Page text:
Ten Commandments for non-economists (and economists!)

This is taken from Economics Rules by Dani Rodrik. The book itself holds twenty commandments in all, but it seems some clever person online decided to extract ten that apply to non-economists. The list is incrediblely humbling, but balanced as well.

I thought I’d share some comments to elaborate upon these commandments lest they themselves get too simplified in the reading.

No…wait that’s not the book cover.
There we go…
  1. Economics is a collection of models with no predetermined conclusions; reject any arguments otherwise.
  2. Do not criticize an economist’s model because of its assumptions; ask how the results would change if certain problematic assumptions were more realistic

Economics isn’t meant to be taken as reality, but a simplification of it or a beautification of it. Maps or paintings would be analogous.

Good economists aren’t the ones with fewer assumptions, they are the ones who make as many of their assumptions as clear as possible. Every social scientist has assumptions.

All models respond to altered assumptions. Some assumptions are also more important than others. If you assume the addition of an accessible hospital in a rural setting will improve health outcomes (which many would), ask about fundamental assumptions of appropriate health-seeking behavior, relevant services, level of health outcomes before instituting the hospital, and information availability about these services that probably are core drivers towards that outcome. Even about availability of complementary services (like ambulatory care).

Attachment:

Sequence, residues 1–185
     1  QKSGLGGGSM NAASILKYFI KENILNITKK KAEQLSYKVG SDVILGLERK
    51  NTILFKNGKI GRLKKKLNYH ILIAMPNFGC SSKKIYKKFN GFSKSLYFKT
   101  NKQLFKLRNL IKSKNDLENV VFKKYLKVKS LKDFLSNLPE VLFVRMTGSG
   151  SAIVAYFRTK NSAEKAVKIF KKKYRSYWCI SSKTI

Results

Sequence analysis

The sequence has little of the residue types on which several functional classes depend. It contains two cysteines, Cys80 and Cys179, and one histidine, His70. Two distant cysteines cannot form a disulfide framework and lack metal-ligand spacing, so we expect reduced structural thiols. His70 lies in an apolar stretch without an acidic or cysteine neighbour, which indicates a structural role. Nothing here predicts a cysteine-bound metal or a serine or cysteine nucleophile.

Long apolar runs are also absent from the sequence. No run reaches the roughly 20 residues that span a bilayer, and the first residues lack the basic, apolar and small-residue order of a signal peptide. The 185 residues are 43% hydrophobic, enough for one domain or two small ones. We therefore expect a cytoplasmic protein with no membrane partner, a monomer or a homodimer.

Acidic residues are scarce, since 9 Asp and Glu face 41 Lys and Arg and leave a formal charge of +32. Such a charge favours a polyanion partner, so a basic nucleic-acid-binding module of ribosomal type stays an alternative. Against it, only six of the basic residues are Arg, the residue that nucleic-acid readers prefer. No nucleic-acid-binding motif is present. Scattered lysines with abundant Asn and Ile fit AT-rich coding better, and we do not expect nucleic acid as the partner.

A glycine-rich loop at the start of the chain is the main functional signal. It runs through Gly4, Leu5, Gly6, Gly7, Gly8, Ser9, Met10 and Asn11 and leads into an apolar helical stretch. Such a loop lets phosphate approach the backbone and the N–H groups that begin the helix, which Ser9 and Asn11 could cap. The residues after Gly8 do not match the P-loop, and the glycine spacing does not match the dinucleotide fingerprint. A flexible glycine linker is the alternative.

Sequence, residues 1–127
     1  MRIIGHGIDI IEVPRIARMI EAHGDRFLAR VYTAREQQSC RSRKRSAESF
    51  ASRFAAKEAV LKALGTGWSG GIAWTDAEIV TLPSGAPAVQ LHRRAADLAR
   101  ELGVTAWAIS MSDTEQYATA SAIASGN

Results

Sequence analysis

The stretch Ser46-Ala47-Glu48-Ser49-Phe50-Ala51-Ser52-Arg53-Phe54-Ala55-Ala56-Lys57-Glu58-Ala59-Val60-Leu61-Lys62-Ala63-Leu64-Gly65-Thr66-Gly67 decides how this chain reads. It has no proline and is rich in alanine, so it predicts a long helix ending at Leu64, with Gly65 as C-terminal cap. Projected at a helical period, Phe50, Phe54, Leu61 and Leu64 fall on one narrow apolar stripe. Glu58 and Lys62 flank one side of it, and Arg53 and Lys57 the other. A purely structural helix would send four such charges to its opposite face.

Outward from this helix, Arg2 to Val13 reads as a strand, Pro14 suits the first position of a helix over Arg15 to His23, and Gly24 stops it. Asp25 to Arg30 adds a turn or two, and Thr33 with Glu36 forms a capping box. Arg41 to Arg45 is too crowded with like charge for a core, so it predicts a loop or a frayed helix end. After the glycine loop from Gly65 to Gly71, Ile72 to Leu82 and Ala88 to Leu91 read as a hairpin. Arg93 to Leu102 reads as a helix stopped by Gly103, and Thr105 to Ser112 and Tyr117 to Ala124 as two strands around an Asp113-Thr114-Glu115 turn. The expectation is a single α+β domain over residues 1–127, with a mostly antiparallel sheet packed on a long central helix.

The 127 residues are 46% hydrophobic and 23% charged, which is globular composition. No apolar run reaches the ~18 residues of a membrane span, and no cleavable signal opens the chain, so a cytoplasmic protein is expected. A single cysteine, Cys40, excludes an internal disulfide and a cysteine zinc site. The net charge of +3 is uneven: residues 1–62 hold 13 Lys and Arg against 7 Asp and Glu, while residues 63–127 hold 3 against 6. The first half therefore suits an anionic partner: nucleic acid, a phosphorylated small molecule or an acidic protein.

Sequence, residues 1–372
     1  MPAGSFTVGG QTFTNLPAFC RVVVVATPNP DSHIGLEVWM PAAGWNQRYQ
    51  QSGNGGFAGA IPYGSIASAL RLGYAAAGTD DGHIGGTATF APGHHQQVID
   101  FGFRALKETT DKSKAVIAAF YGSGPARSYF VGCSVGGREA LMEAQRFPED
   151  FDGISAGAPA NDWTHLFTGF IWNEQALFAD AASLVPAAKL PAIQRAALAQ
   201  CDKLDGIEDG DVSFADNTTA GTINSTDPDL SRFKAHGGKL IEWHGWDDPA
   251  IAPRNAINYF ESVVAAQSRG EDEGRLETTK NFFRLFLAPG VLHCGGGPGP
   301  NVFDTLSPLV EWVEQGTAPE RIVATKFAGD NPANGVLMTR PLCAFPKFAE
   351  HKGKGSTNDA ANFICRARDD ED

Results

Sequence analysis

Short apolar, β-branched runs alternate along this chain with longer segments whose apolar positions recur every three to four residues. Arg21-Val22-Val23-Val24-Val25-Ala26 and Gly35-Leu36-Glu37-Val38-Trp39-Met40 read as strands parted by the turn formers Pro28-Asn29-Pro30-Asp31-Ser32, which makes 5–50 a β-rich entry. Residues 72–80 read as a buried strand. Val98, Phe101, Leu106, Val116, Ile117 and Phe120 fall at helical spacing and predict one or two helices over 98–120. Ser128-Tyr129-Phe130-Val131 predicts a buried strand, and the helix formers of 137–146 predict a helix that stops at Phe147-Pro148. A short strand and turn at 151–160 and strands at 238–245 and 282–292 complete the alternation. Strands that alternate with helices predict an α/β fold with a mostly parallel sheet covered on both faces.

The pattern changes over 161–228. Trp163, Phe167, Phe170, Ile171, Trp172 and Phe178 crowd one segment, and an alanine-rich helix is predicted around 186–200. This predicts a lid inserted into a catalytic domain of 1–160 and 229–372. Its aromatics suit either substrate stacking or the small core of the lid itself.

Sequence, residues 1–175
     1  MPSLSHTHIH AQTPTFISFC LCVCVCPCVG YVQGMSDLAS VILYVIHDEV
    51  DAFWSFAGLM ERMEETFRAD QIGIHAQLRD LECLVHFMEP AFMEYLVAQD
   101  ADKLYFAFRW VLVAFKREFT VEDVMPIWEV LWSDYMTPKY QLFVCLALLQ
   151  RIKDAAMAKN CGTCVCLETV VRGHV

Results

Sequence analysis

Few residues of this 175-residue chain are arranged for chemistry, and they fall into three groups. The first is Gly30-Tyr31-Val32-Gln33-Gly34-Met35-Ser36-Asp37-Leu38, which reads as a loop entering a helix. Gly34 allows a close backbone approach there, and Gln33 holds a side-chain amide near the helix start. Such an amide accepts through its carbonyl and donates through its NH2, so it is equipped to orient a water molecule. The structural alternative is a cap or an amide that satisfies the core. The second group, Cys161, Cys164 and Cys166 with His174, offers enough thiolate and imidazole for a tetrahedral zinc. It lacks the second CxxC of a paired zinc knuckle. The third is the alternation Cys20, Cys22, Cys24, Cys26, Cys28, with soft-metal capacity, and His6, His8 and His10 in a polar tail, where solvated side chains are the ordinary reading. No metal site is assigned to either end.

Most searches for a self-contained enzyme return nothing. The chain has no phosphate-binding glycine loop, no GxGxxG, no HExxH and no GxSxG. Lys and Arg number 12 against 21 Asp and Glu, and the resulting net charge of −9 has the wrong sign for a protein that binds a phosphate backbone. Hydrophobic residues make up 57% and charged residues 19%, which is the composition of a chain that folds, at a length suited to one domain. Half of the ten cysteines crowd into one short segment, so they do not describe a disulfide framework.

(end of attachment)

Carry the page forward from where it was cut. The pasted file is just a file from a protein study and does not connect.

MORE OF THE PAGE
Not about diminishing returns to utility maximization for patients!

3. Analysis requires simplicity; beware of incoherence that passes itself off as complexity

4. Do not let math scare you; economists use math not because they’re smart but because they’re not smart enough.

5. When an economist makes a recommendation, ask what makes him/her sure the underlying model applies to the case in hand.

6. When an economist uses the term “economic welfare,” ask him/her what he/she means by it.

There are clear points and subtle points in these. Societal realities are really hard to mimic in models. Math offers a way to look at reality that offers insights (similar to the map analogy above). We agree with mathematical models to reflect reality on a number of scientific hypotheses, theories,a dn laws.

Economists aren’t smart enough to replicate reality in their work. Reality in social science is incredibly complex and may not be explained by a neat equation. However, the more complex the argument gets, the more incoherent it can become. However, just because it seems incoherent in its complexity doesn’t mean it’s a bad model — sometimes it is simply a difficult model to understand for economists and non-economists alike, but it may still hold reasonable truths. Nonetheless, as the math gets more and more complicated beware of incoherence. Sometimes the jargon can intimidate and shroud the lack of sensibility in the model.